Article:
Take one part saw (1:15 in). Add one part glockenspiel and one part fiðla. Then, a dash of harmonium and some drum brushes. Accentuate with a cello, then layer with keyboards. Finally, add some piano and ensure there are two parts harp. Very carefully blend and Gleðileg jól! Amiina (previously) have bakaðar you a song.
Rónán Ó Snodaigh plays bodhrán, the Irish frame drum. For most traditional Irish musicians bodhrán's are the bane of their existence, often played poorly by people who can do nothing else, but in Rónán's hands, the bódhrán is a expressive instrument brought to life by a master who is willing to show you how to really play it. [more inside]
Siberian Ice Drumming. 'I felt like we were playing on the drums that Nature has left out for us, alone under the sun on the frozen waters of the world's most magnificent lake.'
Henry Hey did it to Bush and Palin. Drewsif Stalin did it to the "Have you ever had a dream?" kid. And now Dan Weiss has done it to auctioneer Ty Thompson. There's music in people's words.
In an idle moment, you've probably drummed on a desk with your pen. But chances are middle schoolers could show you some skills. Masters like Shane Bang and many less well-known practitioners are pushing the old idea of pen-as-drumstick - Pen Beats, aka Pen Tap - to new heights. [more inside]
I don't think you could find a better illustration of the grace, beauty and compelling power of African rhythm and sensibility than this 10 minute film.
"Chris Dave (video/sound autoplay) is probably the most dangerous drummer alive. He is totally reinventing just what you can do with drums." – ?uestlove [more inside]
Marlon Brando. Yeah, sure, he could act. Very talented guy. But, hey, he also invented a radically innovative tuning system for conga drums. Played the congas, too. Yup. That's right.
If you were to ask me "What is the most artistic drum solo you've ever heard?", I'd say "You mean the one with the most exquisite sense of dynamics? One that doesn't bludgeon you over the head, but instead pulls you in with its subtlety and restraint? Where masterful technique is purely at the service of musicality? That best conveys a musical vision and a deep understanding of the interrelationships of percussive timbre and tone that make up that remarkable instrument we call the drum set?" You'd say "Yeah." I'd say this. [more inside]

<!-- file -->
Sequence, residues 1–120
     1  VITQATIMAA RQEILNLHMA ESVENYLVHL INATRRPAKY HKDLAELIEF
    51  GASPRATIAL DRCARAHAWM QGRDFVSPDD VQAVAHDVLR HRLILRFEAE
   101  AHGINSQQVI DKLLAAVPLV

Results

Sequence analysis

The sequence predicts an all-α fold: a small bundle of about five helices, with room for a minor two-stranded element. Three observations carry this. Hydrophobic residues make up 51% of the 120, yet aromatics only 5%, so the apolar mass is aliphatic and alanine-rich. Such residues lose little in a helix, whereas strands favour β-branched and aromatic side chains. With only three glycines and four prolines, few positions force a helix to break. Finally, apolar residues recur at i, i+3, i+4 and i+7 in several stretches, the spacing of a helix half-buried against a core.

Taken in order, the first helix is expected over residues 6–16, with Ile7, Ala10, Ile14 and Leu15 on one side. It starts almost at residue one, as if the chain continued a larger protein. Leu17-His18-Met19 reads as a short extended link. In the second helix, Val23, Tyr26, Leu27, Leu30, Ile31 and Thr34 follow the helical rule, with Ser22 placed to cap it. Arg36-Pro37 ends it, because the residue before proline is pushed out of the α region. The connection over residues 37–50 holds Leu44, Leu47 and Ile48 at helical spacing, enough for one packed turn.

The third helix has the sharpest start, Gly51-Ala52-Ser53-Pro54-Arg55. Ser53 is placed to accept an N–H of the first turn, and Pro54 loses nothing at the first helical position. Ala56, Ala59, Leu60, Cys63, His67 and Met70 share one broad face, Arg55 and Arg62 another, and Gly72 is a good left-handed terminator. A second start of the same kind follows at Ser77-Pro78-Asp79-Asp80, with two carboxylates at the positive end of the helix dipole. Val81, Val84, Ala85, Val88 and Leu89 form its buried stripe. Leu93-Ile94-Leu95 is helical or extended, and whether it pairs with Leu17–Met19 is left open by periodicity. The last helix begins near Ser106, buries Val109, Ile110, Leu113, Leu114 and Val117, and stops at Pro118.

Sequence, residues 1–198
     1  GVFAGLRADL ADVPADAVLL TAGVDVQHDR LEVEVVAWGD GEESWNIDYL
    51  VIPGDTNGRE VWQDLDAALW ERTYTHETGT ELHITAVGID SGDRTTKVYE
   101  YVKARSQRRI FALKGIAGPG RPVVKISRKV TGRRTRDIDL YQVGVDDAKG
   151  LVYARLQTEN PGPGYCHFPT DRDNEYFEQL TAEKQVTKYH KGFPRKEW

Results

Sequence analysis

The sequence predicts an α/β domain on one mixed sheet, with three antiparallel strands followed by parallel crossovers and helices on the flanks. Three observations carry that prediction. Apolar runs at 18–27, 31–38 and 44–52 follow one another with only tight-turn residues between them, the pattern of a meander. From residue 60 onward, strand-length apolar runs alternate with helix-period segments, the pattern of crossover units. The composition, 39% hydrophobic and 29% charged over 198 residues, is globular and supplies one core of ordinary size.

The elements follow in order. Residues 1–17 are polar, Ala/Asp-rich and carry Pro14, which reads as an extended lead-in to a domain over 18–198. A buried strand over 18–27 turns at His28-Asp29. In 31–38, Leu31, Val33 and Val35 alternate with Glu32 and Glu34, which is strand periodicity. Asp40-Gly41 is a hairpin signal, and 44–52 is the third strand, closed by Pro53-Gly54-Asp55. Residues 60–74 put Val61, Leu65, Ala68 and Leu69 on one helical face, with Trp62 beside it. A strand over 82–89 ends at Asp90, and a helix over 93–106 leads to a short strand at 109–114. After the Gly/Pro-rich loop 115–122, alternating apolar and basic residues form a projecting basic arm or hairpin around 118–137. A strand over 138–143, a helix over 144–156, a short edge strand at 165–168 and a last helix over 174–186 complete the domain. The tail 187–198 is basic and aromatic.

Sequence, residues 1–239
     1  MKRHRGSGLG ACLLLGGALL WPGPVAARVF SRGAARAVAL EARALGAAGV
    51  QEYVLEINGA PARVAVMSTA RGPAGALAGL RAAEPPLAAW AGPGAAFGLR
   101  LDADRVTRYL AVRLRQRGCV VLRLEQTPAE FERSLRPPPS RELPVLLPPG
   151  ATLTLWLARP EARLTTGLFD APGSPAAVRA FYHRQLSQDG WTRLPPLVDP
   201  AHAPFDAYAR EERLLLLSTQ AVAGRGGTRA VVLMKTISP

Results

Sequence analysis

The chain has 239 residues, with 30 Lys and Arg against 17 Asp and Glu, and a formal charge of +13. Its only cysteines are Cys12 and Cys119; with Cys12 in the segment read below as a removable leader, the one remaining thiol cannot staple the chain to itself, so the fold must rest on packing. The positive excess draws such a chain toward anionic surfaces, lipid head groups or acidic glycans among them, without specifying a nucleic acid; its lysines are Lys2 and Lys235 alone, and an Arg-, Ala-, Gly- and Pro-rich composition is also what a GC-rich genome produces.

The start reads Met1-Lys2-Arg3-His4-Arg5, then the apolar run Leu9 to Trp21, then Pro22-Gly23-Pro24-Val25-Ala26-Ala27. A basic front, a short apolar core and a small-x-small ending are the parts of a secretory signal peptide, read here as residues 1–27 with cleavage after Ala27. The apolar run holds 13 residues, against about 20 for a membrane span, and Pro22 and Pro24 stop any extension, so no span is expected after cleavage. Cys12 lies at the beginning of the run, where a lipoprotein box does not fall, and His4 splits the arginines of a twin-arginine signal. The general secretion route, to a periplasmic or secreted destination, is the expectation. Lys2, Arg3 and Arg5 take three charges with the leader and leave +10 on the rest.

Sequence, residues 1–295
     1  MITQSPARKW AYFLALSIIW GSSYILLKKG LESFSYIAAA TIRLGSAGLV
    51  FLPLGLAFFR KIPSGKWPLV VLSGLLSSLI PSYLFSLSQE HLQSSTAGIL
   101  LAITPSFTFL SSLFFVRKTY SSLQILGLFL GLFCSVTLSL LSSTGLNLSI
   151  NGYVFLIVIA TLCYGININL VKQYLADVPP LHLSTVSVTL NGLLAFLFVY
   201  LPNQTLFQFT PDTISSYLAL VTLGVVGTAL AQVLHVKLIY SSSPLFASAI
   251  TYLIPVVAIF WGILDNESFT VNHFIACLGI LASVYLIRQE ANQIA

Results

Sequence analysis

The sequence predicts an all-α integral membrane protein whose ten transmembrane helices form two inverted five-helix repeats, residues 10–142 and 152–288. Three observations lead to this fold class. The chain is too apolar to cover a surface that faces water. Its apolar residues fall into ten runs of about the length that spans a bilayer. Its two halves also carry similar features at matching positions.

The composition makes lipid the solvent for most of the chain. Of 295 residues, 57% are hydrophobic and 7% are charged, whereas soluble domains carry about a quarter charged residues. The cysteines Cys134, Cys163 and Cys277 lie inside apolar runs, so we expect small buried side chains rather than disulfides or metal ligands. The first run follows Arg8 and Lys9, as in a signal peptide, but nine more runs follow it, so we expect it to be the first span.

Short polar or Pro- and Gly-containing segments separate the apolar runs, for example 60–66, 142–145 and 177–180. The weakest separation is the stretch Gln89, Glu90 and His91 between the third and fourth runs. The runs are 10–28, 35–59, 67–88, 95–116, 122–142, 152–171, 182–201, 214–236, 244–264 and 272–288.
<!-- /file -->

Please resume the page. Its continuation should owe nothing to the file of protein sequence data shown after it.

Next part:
One of the most rhythmically solid, tastefully understated and (all too often) criminally underrated drummers in the history of rock music turned 70 today, and you'll forgive me if I couldn't let the day pass without a nod in his direction. You've probably heard of him. [more inside]
My name is Bisi Adeleke, I am from the Yoruba people of Nigeria, where this talking drum is originated.
I'm gonna 'splain to you what the Purdie shuffle is all about... Woooo! Don't worry about those ghost notes! Ain't nuthin' but rebounds! We're gonna take an extra step! I'm gonna go to my cowbell! You don't have to be a tub-thumper yourself to dig master percussionist Bernard "Pretty" Purdie's infectiously joyous drum instruction videos. Yeah!